Art

Artist Finds Beauty in Everyday Materials She Uses to Create Her Works

By Judith Kahn

Local artist, Dyanna Dimick, assembles sundry materials and mediums in fashioning her work. Her compositions are as unusual as her approach to art. Acrylic paint holds found materials and works as a complement to the elements, and “it’s an easy clean up.”  

“I genuinely find beauty in ordinary materials,” she said. “I continually mix in something familiar and something new for the viewer, so they feel connected but also curious or challenged.”

Dyanna Dimick, seen here in her studio, likes to use common items and a variety of mediums. Her work has been shown at Avenue 12 Gallery in the Richmond District and other San Francisco galleries. Courtesy photo.

Inspired by contributions of friends and others who pass on things they can’t recycle or other eye-catching items, her challenge is discovering how to use them. Some of the items she collects are beach plastic, security envelopes (with patterns inside), and other colored and patterned paper materials.

“In my work, sometimes the materials are the front-runner and sometimes the mediums are,” Dimick said. “I often mix in oil stick, graphite, colored pencil, latex paint, and pastel too.”

Her current work focuses on relationships between humans, and between humans and the natural world, as well as how it’s all connected. 

“It’s a balance,” she said. Dimick feels guilty about tossing things that can’t be recycled: “…bread tabs, color registrations on the insides of snack boxes, magazine cutouts of water.” She collects and works with items in the studio to make a piece, using these materials to convey a concept or idea. 

“I clung to this idea in college, associating a material with a meaning,” Dimick said. In this way, she develops her own artistic language and “documents the time.”

“Unnamed” by Dyanna Dimick. Courtesy graphic.

Art has always been central to Dimick’s life, sitting and drawing, as a child, while other children were playing in the playground. The creative process brings her to another place, where she can more effectively voice abstract thoughts and combine them with visual language than she can through writing. 

She said what she most enjoys about the creative process is, “being in the moment, curating, and the feel of the materials, the stimulation of the colors, and following my intuition. It cleans my slate, so I can keep going, and gives me endorphins! I think I need it to survive.” 

Dimick grew up in San Carlos, where her parents watered her “creative seeds.” Her mother had artistic leanings, and her father was an engineer – a creative problem solver who loved puzzles. Her older brother is a musician and engineer.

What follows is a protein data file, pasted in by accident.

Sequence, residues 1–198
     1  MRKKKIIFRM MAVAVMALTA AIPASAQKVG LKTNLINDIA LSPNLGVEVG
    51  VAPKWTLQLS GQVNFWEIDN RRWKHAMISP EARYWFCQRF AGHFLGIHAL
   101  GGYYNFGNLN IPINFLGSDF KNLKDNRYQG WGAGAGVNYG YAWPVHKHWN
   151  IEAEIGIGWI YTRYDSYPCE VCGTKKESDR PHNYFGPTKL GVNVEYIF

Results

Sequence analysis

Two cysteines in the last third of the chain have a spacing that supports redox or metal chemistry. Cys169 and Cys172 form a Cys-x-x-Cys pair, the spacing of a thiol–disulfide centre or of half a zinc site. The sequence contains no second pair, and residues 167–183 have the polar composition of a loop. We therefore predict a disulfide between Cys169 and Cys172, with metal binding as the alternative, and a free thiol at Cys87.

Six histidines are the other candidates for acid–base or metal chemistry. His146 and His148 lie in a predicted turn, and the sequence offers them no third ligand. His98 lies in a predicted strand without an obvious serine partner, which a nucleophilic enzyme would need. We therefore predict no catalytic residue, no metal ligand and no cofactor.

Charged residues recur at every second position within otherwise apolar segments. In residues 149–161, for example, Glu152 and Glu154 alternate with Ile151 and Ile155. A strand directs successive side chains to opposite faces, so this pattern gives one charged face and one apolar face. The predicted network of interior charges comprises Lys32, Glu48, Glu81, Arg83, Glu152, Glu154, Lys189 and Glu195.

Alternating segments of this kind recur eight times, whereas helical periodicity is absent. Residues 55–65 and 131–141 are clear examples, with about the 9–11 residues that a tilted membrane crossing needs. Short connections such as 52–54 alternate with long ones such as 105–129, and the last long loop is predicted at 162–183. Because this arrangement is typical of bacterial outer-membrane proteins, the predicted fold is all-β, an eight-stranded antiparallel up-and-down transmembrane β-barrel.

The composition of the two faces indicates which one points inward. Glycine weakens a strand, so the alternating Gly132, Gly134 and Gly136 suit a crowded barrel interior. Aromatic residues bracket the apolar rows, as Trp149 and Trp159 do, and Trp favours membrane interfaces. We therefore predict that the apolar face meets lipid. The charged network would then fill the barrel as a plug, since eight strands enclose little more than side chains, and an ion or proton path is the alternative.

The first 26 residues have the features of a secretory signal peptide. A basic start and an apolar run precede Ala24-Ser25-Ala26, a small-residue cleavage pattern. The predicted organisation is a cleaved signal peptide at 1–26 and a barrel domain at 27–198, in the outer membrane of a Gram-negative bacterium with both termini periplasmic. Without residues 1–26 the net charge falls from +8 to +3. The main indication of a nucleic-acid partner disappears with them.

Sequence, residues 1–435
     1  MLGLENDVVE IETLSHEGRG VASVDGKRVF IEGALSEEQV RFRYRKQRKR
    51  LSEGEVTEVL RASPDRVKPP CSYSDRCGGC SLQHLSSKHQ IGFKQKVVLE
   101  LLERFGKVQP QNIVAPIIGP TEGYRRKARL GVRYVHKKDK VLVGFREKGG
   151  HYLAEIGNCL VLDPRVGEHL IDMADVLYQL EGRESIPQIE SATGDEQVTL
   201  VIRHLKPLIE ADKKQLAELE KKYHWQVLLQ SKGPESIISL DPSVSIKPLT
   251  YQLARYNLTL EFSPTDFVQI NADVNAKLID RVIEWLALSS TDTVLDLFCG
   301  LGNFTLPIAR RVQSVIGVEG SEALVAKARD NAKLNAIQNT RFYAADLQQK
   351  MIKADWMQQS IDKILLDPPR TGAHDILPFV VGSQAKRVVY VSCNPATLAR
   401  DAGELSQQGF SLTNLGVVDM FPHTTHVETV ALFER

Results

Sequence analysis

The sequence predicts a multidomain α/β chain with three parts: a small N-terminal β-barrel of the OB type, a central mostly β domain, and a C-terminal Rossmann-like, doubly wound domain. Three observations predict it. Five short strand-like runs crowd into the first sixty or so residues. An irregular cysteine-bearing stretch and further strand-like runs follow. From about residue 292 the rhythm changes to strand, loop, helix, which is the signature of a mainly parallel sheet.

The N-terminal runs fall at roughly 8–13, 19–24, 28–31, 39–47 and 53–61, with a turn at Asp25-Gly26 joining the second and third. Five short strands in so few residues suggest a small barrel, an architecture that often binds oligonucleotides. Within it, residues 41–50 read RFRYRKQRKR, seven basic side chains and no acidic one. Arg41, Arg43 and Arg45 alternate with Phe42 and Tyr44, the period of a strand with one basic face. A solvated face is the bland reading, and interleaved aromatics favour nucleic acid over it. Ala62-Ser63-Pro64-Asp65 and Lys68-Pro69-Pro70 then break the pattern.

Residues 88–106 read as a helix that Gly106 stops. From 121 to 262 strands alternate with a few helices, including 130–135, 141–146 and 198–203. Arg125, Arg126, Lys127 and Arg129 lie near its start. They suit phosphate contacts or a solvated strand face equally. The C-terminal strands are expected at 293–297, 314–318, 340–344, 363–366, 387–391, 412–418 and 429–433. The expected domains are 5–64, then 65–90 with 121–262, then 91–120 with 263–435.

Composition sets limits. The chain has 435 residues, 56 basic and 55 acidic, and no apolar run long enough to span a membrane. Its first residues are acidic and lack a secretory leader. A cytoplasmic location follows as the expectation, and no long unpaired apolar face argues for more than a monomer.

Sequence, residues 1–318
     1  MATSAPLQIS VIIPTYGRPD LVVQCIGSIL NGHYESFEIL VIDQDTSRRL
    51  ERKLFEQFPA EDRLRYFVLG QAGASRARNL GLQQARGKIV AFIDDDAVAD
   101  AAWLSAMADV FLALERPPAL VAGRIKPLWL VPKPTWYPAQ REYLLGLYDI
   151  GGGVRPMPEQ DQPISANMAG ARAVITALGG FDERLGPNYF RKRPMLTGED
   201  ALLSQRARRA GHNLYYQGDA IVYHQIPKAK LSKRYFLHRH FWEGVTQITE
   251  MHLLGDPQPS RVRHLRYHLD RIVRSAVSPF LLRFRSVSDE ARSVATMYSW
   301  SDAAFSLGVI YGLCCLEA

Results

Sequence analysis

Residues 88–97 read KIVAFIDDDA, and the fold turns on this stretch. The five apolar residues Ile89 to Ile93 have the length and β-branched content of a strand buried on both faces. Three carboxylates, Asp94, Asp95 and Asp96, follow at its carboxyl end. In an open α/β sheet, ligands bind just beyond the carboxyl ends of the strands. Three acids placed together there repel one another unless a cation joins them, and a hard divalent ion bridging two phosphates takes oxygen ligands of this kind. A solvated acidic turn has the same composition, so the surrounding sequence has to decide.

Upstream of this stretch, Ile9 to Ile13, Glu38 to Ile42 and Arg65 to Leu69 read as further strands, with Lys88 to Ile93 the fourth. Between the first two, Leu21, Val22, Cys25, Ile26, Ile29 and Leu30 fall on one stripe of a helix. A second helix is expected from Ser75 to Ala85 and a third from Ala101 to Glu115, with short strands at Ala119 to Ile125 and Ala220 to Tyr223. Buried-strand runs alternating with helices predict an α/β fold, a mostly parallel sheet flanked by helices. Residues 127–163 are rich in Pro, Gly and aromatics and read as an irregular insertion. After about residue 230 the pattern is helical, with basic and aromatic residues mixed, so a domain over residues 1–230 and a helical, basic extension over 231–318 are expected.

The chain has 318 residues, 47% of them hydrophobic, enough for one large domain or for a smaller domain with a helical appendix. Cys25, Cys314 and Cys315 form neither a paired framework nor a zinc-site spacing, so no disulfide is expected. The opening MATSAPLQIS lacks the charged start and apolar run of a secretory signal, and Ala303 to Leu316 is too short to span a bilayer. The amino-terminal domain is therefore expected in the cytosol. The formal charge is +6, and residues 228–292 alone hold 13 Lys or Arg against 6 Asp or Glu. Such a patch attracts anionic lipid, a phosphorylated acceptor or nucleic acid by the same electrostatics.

From San Carlos, Dimick attended the University of California at Santa Cruz, where she majored in fine arts with an emphasis on sculpture. Her sculpture class was not a traditional one in that they did not sculpt in clay. Instead, instructors pushed contemporary work, using new materials to create a concept. This fed her artistic purpose in connecting her audience with nature, the environment, and to each other. 

After graduating from Santa Cruz, she moved to Los Angeles for six years. She soon realized she could not create the same type of work without certain, specialized tools, so she embarked upon painting instead of sculpting. Painting was also easier to sell than conceptual sculpture. For a time, she worked on washy color fields with paint and water. 

“Then I would let my imagination take over, tell myself a story, and ended up painting and collaging various images on top. They usually had an organic feel or had to do with nature,” she said.

Dimick admires the singular qualities and talents of many different artists. She appreciates Keith Haring’s pop art for the bright and playful colors and lines, but also that he addresses deep concepts like consumerism, death, war, and love to name a few, creating “a strong visual language of his own.” She loves Frank Stella’s versatility in painting, sculpting, and drawing and for the way he uses color and shape. Dimick describes Robert Rauschenberg’s combining painting and sculpture as a “huge influence.” She admires his creative use of everyday objects and imagery and that he really considered the details of ordinary things.

Among Dimick’s many interests are walking her dog, hiking, caring for plants, photography and cooking. In the kitchen, she likes to incorporate what she has around, experimenting with different ingredients to see what develops. She loves to travel and looks forward to doing more of it. Two of her favorite destinations are Mexico and Paris, and in general, she likes places with warm beaches. Her musical tastes run to the ’80s – classic rock, rock, electronic and hip-hop. During her beach walks, she picks up trash and plastic to later use in her work. For Dimick, it feels like connecting with her environment. 

“Maybe it’s my way of saying thank you,” she said. Now and then, she organizes small beach clean ups. 

Dimick said she looks forward to doing bigger work both physically and in volume. She says that if a work is physically larger, one has no choice but to pay attention. The feeling of working on something extra-large makes her feel she is “in” the piece, using her body to move around the canvas and put energy into it. Last year, she had a show at Avenue 12 Gallery titled “Weight.” Prior to that, her work has been shown at The Great Highway Gallery and Joy Gallery, all in San Francisco. 

For more information, visit Dimick’s website at http://www.dydart.com.

“Unnamed” by Dyanna Dimick. Courtesy graphic.
“Unnamed” by Dyanna Dimick. Courtesy graphic.

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